calculating a support award based on the guidelines would be inequitable.   Plaintiff's need and desire to remain at home caring for her two youngest children, though commendable, does reduce her ability to contribute finances to the family, and places an unfair burden on defendant.   These circumstances allow the court to vary from the guidelines.

Mother contends that the family court had no power to deviate from the guidelines in this circumstance and urges us to reverse its decision.

 The family court is required to order the parents owing a duty of support to a child to pay an amount of support in accordance with the guidelines unless otherwise determined under 15 V.S.A. § 659(a).   See 15 V.S.A. § 658(a).  Section 659(a) creates a rebuttable presumption that the amount reflected in the child-support guidelines is the amount of support needed by the children.   To rebut this presumption and deviate from the guideline amount when calculating an order of support, the court must determine that application of the guidelines would be unfair to the child or any of the parties.   See id.;  McCormick, 159 Vt. at 478, 621 A.2d at 241;  Grimes v. Grimes, 159 Vt. 399, 406, 621 A.2d 211, 214 (1992).   To make a finding that application of the guidelines would be “unfair” the court must consider all of the relevant factors, including the nine factors specified in the statute.   See 15 V.S.A. § 659(a).

The escape valve of § 659(a) must be applied in light of the purposes behind the guidelines statute.   As we explained in Ainsworth, 154 Vt. at 106, 574 A.2d at 774-75, there are three purposes:  (1) to insure that child-support orders “reflect the true costs of raising children and approximate insofar as possible the standard of living the child would have enjoyed had the marriage not been dissolved,” 15 V.S.A. § 650;  (2) to standardize child-support orders to ensure more equitable treatment of parties in similarly situated cases by narrowing or eliminating judicial discretion;  and (3) to increase the efficiency of child-support adjudication and increase the number of settlements due to the predictability of the award amounts.

As we held in Ainsworth, these purposes necessarily constrain the use of guideline deviation under § 659(a) and narrow the discretion that the section provides to the family court.   Allowing the family court to consider every variation with respect to the needs of the children, the living situation or the expenses of the parents, would undermine the Legislature's intent in standardizing support awards.   See Ainsworth, 154 Vt. at 109, 574 A.2d at 776.   We further warned that if courts were allowed to routinely deviate from the guideline amounts, then “the ‘escape valve’ of § 659 would eat up the rule and destroy the predictability of amounts and the maintenance of the standard of living of the children that are the desired results of a guideline system.”  Id.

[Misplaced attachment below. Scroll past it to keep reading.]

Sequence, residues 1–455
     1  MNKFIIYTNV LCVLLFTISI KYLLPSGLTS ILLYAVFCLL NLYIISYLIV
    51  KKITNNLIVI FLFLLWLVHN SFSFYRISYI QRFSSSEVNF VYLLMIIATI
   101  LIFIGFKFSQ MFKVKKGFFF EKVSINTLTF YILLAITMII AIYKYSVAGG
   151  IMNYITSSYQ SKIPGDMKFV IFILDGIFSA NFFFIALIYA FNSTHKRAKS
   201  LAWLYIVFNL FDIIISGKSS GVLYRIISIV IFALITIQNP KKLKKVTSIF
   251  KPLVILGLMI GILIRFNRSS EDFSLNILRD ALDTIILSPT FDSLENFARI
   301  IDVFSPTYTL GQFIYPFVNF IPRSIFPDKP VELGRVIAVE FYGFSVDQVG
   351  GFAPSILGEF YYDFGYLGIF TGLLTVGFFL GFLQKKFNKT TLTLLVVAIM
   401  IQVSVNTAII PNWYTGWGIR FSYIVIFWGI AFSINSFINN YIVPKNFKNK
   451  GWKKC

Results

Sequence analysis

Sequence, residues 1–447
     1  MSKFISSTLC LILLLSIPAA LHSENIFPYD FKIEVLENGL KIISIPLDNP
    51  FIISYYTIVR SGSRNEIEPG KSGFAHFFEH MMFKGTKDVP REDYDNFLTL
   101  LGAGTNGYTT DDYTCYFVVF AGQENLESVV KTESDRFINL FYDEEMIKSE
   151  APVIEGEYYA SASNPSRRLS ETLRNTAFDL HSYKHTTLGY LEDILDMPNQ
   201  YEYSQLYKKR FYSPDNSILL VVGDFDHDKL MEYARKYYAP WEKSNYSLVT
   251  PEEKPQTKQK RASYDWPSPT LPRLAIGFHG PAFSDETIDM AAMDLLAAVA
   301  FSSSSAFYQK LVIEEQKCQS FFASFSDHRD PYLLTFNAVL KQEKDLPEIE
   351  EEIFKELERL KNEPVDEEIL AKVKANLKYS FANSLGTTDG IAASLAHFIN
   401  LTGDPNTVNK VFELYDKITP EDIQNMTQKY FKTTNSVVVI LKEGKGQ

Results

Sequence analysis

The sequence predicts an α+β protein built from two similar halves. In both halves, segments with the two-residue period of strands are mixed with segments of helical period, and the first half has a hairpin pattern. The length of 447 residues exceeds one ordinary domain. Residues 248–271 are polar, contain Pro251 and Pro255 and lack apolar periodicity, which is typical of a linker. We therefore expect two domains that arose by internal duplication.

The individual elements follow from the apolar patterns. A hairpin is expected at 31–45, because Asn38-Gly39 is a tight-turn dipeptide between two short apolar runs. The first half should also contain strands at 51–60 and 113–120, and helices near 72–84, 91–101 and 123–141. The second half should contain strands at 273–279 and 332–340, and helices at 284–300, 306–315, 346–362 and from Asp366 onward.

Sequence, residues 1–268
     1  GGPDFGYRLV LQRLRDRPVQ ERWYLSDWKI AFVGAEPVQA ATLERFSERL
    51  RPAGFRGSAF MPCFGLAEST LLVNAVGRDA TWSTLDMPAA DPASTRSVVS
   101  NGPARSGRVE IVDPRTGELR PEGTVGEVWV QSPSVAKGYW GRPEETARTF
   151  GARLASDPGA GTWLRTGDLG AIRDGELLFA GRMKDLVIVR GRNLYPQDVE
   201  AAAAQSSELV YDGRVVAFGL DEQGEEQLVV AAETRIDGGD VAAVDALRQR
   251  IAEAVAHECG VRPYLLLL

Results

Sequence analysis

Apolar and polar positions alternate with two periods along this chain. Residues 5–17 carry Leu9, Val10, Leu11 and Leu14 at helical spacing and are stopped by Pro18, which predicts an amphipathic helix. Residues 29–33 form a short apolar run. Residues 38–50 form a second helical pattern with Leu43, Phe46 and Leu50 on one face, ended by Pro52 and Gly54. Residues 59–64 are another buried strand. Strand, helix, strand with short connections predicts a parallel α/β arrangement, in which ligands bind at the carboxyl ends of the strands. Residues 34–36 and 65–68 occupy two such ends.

We cannot, consistent with the limited purpose of § 659(a), allow a deviation from the guidelines in this case based on the family court's rationale.6  In the sense used by the family court, allowing a custodial parent to stay at home to care for children would always place an “unfair burden” on the obligor parent.   Thus, the exception created by § 659 has eliminated the policy that allows custodial parents to remain in the home in certain circumstances.

Moreover, this is a case where the record does not support that the implied income will ever be realized.   The family court did not shift the cost of meeting the children's needs between parents.   Instead, it reduced the income available to the children.   While the result may appear to balance fairness between the father and mother, it actually penalizes the children of the marriage because the mother had additional children.

 We are also concerned about the court's rationale for setting the child-support amount it did.   The court chose the support amount of $1,156.99 because it roughly represented the amount that plaintiff had been spending on the children.   Plaintiff's spending, however, was based on her income from welfare benefits.   As we noted recently in Smith v. Stewart, 165 Vt. at 369, 684 A.2d at 269, it is unreasonable to expect a custodial parent to spend more money on the children in anticipation of a court order requiring the noncustodial parent to increase the amount of child support.   It is impossible for a welfare recipient to increase the expenditures on the children.   We suggested in Smith that the family court might ask the custodial parent to itemize how additional income might be spent on the children.   See id.   In any event, we caution on using historic spending patterns based on reduced income to determine the financial needs of children.